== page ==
[cap-talk] Opinions of oauth?
Jonathan S. Shapiro
shap at eros-os.org
Fri Jan 6 11:57:40 PST 2012
On Fri, Jan 6, 2012 at 11:42 AM, David Barbour <dmbarbour at gmail.com> wrote:
> I don't foresee any conflicts between fine-grained capability-per-method
> and scalability. Can you explain why I should be concerned?
I agree. Let me state the basis for concern:
Our collective practical experience with cap system designs suggest that
there are two comprehensible ways of factoring permissions across
capabilities. The first is the superset relationship: a RW capability is a
superset of a RO capability. The other is independence: the permission
conveyed by cap X is orthogonal to the permission conveyed by cap Y (where
X and Y name the same object, or in MarkM's parlance, the same
representation). Separately, it is good if the total number of distinct cap
types is small. That is: we can comprehend those factorings that can be
described by a modest-sized lattice.
What tends to happen, however, is that you get users who need several types
of permission but not complete permission. This tends to require that they
hold multiple caps to the target object, and that they somehow keep track
of the fact that all of those caps name the same target object. In systems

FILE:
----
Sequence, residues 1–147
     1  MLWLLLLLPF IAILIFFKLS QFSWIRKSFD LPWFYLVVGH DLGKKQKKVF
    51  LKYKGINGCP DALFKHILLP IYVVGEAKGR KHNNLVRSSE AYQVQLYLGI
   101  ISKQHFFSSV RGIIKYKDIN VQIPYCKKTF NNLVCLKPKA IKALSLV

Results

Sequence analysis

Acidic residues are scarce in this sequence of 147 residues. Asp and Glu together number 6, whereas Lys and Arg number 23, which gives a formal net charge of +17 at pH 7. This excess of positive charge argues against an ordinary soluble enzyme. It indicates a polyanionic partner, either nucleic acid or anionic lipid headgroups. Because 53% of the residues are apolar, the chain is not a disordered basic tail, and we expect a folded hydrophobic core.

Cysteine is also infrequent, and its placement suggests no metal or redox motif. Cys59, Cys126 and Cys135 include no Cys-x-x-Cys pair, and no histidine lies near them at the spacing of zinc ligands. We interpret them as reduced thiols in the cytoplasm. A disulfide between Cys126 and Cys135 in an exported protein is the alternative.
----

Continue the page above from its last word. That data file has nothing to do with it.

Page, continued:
where the permissions reduce to a bitmap stored in the cap this isn't hard,
but it's complicated if the caps need to be managed separately.
So in the "separate but correlated caps" case, what we tend to see is an
increase in the total number of caps stored, and therefore an increase in
the number of caps returned by queries.
How big that impact is depends on a lot of factors and details, but the
finer grain things get, the more the impact will tend to be.
>> We aren't talking about a system in which I get to deploy executing code,
>> so I'm not sure how to relate to this example.
> I have difficulty making any formal distinction between `distributing
> capabilities and data that influence the behavior of other systems` and
> `deploying code`.
It's a very large distinction. In one case, I know what the behavior is
that interprets and acts on the capabilities and data. For that reason, the
scope of the influence is limited. In the other (code distribution), there
are no effective limits on behavior.
Yes, code can be sandboxed or confined. If I thought we had an effective
mechanism for that in the world today, I'd be ecstatic. ECMAScript 5 looks
very promising; it's a damned shame that they didn't add byte vectors
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